I am beginning another series about “Things That Can Make Your Las Vegas Financed Home Purchase *Blow Up* in the Middle of a Transaction.”
My ultimate goal in this series is to make Las Vegas Home Buyers aware of the challenges of a specific home’s eligibility for financing.
Congratulations! Your lender just approved you to purchase a Las Vegas area home by looking at your check stubs, debt to income ratio and you are now approved to purchase a Las Vegas area home!
Hold the phone here, *you* may be eligible to purchase a home but is the house eligible for financing? This series is designed for you to research a home’s eligibility for financing.
DISCLOSURE: I am not a lender, title company, home inspector, contractor or appraiser. I am only speaking from personal experience by working with financed Las Vegas area home buyers. Hopefully you have hired a Las Vegas area real estate agentwho will be able to spot things that can *potentially* cause problems with your financing (mostly FHA/VA) before your contract to purchase a Las Vegas area home.
Much of Las Vegas is currently priced in fire sale status. Many times when you see unusually inexpensive homes there is a reason – they are not eligible for financing and the seller does not wish to rehabilitate the home to make it eligible for financing.
Today’s topic at hand is “Water Damage & Mold“.
Water Damage & Mold may occur for various reasons:
- A Construction Defect From a Slow Leak
- Malicious Exit From Previous Occupant
- The “Elements” or Weather
- Something “Accidental”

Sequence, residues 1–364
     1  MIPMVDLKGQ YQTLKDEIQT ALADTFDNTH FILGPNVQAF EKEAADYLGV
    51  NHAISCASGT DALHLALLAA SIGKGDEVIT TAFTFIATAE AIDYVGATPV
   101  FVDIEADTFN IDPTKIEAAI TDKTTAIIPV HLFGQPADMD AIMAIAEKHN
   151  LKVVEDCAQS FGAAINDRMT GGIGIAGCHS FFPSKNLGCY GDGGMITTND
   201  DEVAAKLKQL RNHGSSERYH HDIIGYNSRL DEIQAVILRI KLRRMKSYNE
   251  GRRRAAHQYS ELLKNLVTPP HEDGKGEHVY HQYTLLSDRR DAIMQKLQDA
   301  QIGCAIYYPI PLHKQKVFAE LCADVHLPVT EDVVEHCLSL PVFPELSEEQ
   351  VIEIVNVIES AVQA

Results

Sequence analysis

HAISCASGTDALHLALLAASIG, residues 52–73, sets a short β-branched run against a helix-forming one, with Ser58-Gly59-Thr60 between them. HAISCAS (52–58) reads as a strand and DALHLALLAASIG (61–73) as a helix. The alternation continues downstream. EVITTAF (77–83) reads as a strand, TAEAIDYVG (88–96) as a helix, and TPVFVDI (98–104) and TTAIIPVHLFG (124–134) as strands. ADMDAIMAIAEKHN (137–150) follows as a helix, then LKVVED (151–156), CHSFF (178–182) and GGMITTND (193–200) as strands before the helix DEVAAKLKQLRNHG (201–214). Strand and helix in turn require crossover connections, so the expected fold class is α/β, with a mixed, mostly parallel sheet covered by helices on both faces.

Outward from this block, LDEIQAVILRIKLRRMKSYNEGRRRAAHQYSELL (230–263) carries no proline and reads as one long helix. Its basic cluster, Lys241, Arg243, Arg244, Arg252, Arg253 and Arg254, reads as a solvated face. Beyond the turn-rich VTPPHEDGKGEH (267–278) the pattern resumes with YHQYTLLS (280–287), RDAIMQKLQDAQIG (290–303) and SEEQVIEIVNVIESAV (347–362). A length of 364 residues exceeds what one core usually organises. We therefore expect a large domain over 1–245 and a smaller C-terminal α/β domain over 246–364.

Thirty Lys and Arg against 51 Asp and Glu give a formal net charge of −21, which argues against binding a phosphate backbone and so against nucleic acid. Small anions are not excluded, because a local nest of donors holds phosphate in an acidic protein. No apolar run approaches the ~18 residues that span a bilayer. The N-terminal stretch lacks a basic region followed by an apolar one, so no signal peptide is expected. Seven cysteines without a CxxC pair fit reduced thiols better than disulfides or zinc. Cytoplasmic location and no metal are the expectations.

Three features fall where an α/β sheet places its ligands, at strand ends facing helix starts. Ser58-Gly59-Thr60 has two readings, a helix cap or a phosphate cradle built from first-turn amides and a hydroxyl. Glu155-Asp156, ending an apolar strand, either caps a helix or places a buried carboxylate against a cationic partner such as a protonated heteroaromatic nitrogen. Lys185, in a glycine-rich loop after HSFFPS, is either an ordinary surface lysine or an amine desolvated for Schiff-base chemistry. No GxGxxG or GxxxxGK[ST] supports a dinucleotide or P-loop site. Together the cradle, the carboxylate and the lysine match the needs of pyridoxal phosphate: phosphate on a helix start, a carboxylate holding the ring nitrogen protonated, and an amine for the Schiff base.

The effects of water damage and mold could be from deferred maintenance, recent or can occur in the middle of a transaction.
An example of deferred maintenance would be a leaky roof (weather elements) or construction defect such as an incorrectly plumbed or faulty toilet base & wax ring.
Even though we don’t have “Freezing Elements” too often here, it does happen every once in a while resulting in a cracked pipe here and there. More often than not, weather elements would be from heat & lack of utilities – baking, melting and cracking plumbed items.
Accidents do happen and some you have to wonder about bordering on being “malicious” from a former occupant. An example of this would be: a refrigerator water valve or plumbing valve left on. Water company comes to turn on water and forgets to check meter. House gets flooded. Another example would be a deep nail or screw in the wall securing something and it hits a pipe – water may pour down walls.
Many of the above examples may cause problems with lenders funding a loan. Sometimes the sellers are willing to remedy the situation, many times in the case of REO (aka BANK OWNED) – not.
A good home inspector will have a moisture meter on hand to be able to tell if a suspicious water damage or moldy area is dry or if moisture is still present and feeding the moldy source.
If your financing goes “kerplunk” due to a water damage or moldy mess, you may want to consider qualifying for an FHA 203K rehab loan!